Well before the construction of the Porrettana road, well before its progenitor Leopoldina, the mountain territories had a rather different road network. There was in fact a complex system of roads and paths strictly controlled by the customs that regulated access between the Grand Duchy of Tuscany and the Papal States. There were villages moreover that arose and were baptized precisely because of their role, as much customs as forgotten post stations. Doganaccia, Pòsola, Porta Franca, are all names that in these areas take on a very specific meaning.
We are on the last ridge that leads from Pistoia to Bolognese territory, on an ancient route that is part of the Via Francesca della Sambuca and that divides the Reno valley from the Limentre mountains. Once traveled by pilgrims on their way to Rome, the Via Francesca is a diversion of the better-known Via Francigena. From reliable sources it appears that this variant was the actual route connecting the Emilian and Tuscan territories, having the Passo della Collina as its main pass.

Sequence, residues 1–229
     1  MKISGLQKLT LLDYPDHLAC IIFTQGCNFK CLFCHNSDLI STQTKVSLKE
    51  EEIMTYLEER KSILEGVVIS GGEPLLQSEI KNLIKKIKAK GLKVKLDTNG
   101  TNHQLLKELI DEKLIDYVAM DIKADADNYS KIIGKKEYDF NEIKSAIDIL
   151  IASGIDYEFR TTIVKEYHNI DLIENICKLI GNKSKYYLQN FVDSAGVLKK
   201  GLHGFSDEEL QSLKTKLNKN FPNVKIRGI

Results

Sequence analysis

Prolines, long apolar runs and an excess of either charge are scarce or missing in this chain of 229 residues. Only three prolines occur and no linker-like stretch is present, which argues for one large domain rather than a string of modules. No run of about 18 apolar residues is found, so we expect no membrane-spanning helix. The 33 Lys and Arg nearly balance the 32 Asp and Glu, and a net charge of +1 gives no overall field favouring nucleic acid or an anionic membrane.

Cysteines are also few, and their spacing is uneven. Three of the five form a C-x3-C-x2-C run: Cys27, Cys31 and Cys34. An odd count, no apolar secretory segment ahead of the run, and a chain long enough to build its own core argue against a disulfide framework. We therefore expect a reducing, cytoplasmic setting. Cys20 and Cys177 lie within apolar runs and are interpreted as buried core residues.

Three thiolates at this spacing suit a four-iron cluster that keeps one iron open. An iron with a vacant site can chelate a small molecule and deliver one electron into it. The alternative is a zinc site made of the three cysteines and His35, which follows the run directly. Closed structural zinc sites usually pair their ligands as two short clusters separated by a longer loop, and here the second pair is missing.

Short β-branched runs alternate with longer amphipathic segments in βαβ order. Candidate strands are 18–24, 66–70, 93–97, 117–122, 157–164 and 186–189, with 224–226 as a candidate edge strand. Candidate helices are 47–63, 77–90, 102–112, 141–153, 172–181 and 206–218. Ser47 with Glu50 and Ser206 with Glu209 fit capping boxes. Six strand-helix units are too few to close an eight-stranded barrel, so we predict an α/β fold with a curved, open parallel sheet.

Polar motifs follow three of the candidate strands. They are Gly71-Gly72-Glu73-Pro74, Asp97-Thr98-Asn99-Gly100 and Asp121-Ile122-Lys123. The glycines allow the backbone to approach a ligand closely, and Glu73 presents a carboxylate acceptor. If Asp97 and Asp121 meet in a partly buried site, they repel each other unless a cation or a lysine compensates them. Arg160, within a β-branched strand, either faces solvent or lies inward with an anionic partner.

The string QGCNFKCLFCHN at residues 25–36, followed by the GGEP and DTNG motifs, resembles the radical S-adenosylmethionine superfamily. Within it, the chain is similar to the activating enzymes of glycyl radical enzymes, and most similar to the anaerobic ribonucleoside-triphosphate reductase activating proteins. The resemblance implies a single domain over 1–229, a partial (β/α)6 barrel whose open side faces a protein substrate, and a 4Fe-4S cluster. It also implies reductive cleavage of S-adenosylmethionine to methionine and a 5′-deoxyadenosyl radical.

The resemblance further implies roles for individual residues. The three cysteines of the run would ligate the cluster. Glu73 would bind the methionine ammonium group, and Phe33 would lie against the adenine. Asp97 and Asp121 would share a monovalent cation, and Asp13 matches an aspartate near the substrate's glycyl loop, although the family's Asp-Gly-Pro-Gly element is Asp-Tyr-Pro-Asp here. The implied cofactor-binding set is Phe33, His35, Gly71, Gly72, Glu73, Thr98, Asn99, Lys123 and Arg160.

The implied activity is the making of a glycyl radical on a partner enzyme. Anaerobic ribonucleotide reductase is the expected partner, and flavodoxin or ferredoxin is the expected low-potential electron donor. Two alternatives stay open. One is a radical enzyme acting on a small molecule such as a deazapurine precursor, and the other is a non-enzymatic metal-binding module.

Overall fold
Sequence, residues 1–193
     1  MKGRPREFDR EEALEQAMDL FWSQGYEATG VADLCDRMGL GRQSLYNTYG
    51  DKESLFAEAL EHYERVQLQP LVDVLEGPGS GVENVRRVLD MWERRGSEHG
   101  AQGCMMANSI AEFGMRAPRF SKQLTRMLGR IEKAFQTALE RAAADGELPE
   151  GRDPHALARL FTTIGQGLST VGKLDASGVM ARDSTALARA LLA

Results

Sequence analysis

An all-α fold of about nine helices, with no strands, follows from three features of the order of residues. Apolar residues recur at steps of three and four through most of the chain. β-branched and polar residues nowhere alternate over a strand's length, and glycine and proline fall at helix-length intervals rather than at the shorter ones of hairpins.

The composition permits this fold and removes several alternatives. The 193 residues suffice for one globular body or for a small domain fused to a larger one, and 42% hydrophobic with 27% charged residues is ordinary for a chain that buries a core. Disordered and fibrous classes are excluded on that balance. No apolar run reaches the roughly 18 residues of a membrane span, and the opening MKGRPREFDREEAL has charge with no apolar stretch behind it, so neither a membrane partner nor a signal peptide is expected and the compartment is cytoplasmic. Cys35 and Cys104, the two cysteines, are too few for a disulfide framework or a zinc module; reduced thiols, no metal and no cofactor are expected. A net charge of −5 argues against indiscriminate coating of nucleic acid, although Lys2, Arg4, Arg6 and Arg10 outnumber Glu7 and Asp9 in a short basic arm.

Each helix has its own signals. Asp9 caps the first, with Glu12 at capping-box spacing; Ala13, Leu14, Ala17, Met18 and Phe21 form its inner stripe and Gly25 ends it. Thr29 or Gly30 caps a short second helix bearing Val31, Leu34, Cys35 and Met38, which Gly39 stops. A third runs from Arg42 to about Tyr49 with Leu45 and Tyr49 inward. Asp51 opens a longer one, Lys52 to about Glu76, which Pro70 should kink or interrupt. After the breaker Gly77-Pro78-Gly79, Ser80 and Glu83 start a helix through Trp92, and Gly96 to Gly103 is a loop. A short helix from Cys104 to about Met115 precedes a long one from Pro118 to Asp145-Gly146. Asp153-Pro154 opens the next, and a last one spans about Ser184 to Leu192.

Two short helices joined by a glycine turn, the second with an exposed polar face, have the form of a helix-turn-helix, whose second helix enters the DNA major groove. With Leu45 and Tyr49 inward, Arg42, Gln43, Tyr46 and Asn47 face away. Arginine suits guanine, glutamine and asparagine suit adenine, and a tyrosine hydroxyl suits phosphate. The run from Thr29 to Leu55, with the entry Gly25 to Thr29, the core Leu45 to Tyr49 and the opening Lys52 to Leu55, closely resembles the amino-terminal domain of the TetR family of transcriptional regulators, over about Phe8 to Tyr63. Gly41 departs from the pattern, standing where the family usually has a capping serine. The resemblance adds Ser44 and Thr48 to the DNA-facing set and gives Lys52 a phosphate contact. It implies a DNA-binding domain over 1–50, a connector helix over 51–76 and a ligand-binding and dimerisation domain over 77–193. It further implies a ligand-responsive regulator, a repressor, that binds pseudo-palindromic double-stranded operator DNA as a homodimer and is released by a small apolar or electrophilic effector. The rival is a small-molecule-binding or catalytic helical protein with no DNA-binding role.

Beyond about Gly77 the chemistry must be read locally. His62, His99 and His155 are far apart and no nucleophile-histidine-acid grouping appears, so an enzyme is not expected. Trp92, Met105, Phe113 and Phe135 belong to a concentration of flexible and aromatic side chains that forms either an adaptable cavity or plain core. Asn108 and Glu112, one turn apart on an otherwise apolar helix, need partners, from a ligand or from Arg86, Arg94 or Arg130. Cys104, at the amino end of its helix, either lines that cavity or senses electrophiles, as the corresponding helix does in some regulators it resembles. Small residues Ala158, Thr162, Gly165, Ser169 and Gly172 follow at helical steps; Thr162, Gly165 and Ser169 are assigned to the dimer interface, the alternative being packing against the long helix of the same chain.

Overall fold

It is now a forest road, in places uneven, which gives way to several spots of asphalt neglected by the years and ground down by the weather. We are in an area that seems little traveled and considered by hikers, but which can offer remarkable views of both valleys, from the Corno alle Scale group to the mountains of the three Limentre.
The mountains south of Bologna and north of Florence offer landscapes that seem to have very little of the Emilian or Tuscan style. Here we do not find the rolling hills or rows of cypress trees of the Sienese out-of-town, nor hints of the Florentine Renaissance.